Taylor Swift's 'Out of the Woods': Jack Antonoff on Inspiration, New '1989' Song Title

"She's very natural — when she gets an idea, it just happens very quickly"
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Taylor Swift

"Out Of The Woods," the second song released from Taylor Swift's upcoming 1989 album, is an epic synth-pop anthem straight from the decade from which the country-pop superstar's new full-length takes its title. The new song gets its technicolor shine in part from co-writer/co-producer Jack Antonoff, the fun. guitarist and Bleachers mastermind who told Billboard hours before the track's release on Monday night (Oct. 13) that he and Swift bonded over '80s films before they started working together on 1989.

"We were hanging out at her house in Rhode Island," says Antonoff, "and we were talking about John Hughes movies, and a lot of the music that inspired [them] and just this general culture of sound in that time period that was really larger-than-life in an anthemic, positive way. These songs could be at the end of films that were really, really beautiful and said a lot."

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The friendship blossomed into a collaboration when Antonoff sent Swift a track that he'd been working on, and she begged him to send the demo her way. "That actually ended up being a song called 'I Wish You Would,' which is going to be on her album," he says. "We first worked on that song together and realized we kind of have a good thing, and the next thing we did was 'Sweeter Than Fiction,' which was on the [One Chance] soundtrack, and after that we did 'Out of the Woods' and another song called 'You Were in Love.' So 'Out of the Woods' was the third thing we worked on together, and probably the easiest. I sent her the track for it, and she sent back a voice note with the verse and chorus in what felt like five seconds. And it was just perfect. It's eerie how similar it is to what the final product is."

Although Antonoff and Swift shared studio time for some of their other 1989 songs while working throughout 2014, "Out of the Woods" was completed as a long-distance collaboration. Antonoff has long been a Swift fan — he calls 2012's Red an "impeccable album" — and was duly impressed by her writing prowess.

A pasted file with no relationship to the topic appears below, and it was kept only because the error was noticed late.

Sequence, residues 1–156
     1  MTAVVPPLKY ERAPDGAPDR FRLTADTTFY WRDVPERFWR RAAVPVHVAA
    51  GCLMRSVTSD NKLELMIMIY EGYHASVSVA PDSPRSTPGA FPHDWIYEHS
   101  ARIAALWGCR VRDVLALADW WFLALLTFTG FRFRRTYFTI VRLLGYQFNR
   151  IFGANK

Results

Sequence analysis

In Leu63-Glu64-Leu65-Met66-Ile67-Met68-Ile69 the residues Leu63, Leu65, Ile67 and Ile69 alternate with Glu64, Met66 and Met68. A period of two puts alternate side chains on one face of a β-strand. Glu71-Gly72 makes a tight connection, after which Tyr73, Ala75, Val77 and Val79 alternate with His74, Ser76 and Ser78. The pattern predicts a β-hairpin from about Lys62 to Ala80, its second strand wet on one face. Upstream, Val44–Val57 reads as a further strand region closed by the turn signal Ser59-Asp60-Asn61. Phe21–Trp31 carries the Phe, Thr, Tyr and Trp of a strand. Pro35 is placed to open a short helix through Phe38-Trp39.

"She's very natural -— when she gets an idea, it just happens very quickly. I would send her these tracks, and when an idea would happen, we'd be 5,000 miles [apart] or whatever, but she would start emailing me these voice notes like crazy and it would just be happening so quickly that there'd be this excitement."

On Monday, Swift described "Out of the Woods" as a meditation on "the fragility and kind of breakable nature of some relationships" (many have already concluded that the song is written about her romance with One Direction's Harry Styles). For Antonoff, who launched his Bleachers alt-pop project with the album Strange Desire earlier this year, "Out of the Woods" was a "puzzle" that had to be delicately constructed, and had to inflate as it progressed.

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"There's a frantic feeling in the song," he says. "What's interesting about 'Out of the Woods' is that it doesn't really let up. It starts with a pretty big anthemic vocal sample that's me, and then there's a drum sample that kicks in that's kind of huge, and then you don't really know how you're going to get any bigger, but then the chorus hits and it just explodes even larger. And then the bridge hits, and it gets even more huge.

"When I was working on the track, I was thinking a lot about My Morning Jacket," Antonoff continues, "and how everything they do, every sound is louder than the last, and somehow it feels like everything is just f—ing massive. And that's the feeling that I went for. It started out big, and then I think the obvious move would have been to do a down chorus, but the idea was to keep pushing."

Antonoff is excited to share the rest of his work with Swift on 1989, but he views "Out of the Woods" as a highlight on the project. "This song means a great deal to me. On a production level, on a writing level, Taylor's lyrics and her melodies — there's something very important about this song."

This post originally appeared on Billboard.com.

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